The Thick of It is a British comedy television series that satirises the inner workings of British government. Written and directed by Armando Iannucci, it was first broadcast for two short series on BBC Four in 2005, initially with a small cast focusing on a government minister, his advisers and their party's spin-doctor. The cast was significantly expanded for two hour-long specials to coincide with Christmas and Gordon Brown's appointment as prime minister in 2007, which saw new characters forming the opposition party added to the cast. These characters continued when the show switched channels to BBC Two for its third series in 2009. A fourth series about a coalition government was broadcast in 2012, with the last episode transmitted on 27 October 2012.
Frank Hart Rich Jr. is an American essayist and liberal op-ed columnist, who held various positions within The New York Times from 1980 to 2011. He has also produced television series and documentaries for HBO.
William James Smith is an English stand-up comedian, screenwriter, novelist, actor and producer.
Sean Gray is a British comedy writer, producer and director. He is known for his work on the HBO series Veep, the BAFTA-winning BBC series The Thick of It and Stewart Lee's Comedy Vehicle and the feature film The Day Shall Come. He is a two-time Emmy-winner and Golden Globe-nominee.
Selina Catherine Meyer is a fictional character portrayed by Julia Louis-Dreyfus on the HBO television comedy series Veep. Louis-Dreyfus has been critically acclaimed for the role, earning a record-breaking six consecutive Primetime Emmy Award for Outstanding Lead Actress in a Comedy Series awards and five Golden Globe Award for Best Actress – Television Series Musical or Comedy nominations.
Ian Martin is an English comedy writer. Martin was a writer for the BAFTA-winning BBC series The Thick of It. He was famously hired as "swearing consultant" in 2005 by the show's creator, Armando Iannucci, for Series 1 of the political satire and went on to become a full member of the writing team. He won an Emmy for his writing across five series of Veep and was BAFTA nominated for co-writing The Death of Stalin.
The 68th Primetime Emmy Awards honored the best in U.S. prime time television programming from June 1, 2015 until May 31, 2016, as chosen by the Academy of Television Arts & Sciences. The ceremony was held on Sunday, September 18, 2016 at the Microsoft Theater in Downtown Los Angeles, California, and was broadcast in the U.S. by ABC. The ceremony was hosted by Jimmy Kimmel. It was preceded by the 68th Primetime Creative Arts Emmy Awards, which took place over two nights, September 10 and 11, at the Microsoft Theater.
The fourth season of the American political comedy television series Veep premiered on April 12, 2015, on HBO in the United States. It consists of ten episodes each running approximately 28 minutes. The season's showrunner and series creator Armando Iannucci exited at the conclusion of the season.
Sam Richardson is an American actor, writer, producer and comedian. He played Richard Splett in the series Veep and co-starred in Detroiters opposite Tim Robinson. In 2019, he portrayed Alf in the YouTube Premium series Champaign ILL.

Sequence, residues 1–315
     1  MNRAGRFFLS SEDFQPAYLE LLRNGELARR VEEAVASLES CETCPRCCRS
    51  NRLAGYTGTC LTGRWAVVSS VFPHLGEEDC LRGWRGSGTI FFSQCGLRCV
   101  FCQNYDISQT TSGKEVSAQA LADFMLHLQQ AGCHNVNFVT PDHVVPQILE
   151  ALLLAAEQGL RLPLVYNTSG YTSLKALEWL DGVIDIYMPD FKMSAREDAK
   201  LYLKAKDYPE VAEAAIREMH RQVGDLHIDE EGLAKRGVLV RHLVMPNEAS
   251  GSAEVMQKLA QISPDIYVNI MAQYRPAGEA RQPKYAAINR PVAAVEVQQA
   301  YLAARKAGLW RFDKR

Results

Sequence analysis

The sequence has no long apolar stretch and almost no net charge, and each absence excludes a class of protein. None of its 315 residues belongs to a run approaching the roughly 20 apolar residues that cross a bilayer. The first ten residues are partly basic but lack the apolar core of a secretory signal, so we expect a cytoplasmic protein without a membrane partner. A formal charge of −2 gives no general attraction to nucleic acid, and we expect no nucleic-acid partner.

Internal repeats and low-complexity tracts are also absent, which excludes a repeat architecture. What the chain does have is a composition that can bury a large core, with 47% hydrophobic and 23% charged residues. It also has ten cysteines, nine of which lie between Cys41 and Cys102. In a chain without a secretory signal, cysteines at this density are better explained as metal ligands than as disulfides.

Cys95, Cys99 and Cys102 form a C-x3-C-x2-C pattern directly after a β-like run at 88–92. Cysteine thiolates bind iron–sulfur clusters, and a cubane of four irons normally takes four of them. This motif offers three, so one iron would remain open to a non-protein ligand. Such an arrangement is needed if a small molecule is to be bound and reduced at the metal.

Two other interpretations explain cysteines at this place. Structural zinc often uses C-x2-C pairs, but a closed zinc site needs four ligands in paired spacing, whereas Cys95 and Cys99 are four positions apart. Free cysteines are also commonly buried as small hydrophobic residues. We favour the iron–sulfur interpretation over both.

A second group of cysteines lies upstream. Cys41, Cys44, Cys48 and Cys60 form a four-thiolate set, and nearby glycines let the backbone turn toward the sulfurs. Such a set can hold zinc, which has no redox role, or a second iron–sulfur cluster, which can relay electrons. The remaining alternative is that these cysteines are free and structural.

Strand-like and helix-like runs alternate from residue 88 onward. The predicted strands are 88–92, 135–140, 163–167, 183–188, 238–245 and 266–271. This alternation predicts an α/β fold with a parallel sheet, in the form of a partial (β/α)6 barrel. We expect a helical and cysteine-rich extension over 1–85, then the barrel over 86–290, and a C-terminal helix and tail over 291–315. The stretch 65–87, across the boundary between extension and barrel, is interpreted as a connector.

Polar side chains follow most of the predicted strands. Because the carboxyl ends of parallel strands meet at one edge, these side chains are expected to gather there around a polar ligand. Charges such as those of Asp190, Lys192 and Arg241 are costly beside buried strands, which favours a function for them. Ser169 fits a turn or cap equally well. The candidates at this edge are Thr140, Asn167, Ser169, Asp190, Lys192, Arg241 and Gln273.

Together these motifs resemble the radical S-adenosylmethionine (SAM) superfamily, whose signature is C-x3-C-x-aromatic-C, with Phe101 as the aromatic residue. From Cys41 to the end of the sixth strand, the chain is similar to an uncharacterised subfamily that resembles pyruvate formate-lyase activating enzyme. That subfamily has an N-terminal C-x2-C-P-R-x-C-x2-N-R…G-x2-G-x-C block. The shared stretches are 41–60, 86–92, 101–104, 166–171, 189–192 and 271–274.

The 69th Primetime Emmy Awards honored the best in U.S. prime time television programming from June 1, 2016 until May 31, 2017, as chosen by the Academy of Television Arts & Sciences. The ceremony was held on Sunday, September 17, 2017 at the Microsoft Theater in Downtown Los Angeles, California, and was broadcast in the U.S. by CBS. The ceremony was hosted by Stephen Colbert. The 69th Primetime Creative Arts Emmy Awards were held on September 9 and 10, and was broadcast by FXX on September 16.
Becky Martin is a British television director and producer. Among her directorial credits are episodes of Peep Show, Pete versus Life, Getting On, Veep, Succession and Avenue 5. In 2017, Martin won the Directors Guild of America Award for Outstanding Directorial Achievement in a Comedy Series for "Inauguration", Veep's season-five finale.
"Election Night" is the tenth and final episode of the fourth season of the American television comedy series Veep, and the 38th episode overall. "Election Night" aired on June 14, 2015, on HBO. It was written by Simon Blackwell, Armando Iannucci, and Tony Roche, and directed by Chris Addison. The episode follows the night of the U.S. Presidential Election, in which President Selina Meyer is running against Senator Bill O'Brien. "Election Night" largely takes place in a hotel suite where Selina and her staff are watching the election returns on cable news. At the end of the episode, Selina and O'Brien are tied for electoral college votes.
"Testimony" is the ninth episode of the fourth season of Veep and the 37th episode overall. The episode was written by Sean Gray and Will Smith, and directed by Armando Iannucci. It first aired on June 7, 2015. The plot of this bottle episode follows President Meyer's staff undergoing hearings administered by the House Judiciary Committee regarding her campaign's federal data breach. They also must testify about allegations that Selina lobbied to kill her own bill, Families First. She and her staffers scapegoat campaign consultant Bill Ericsson as the mastermind behind the data breach.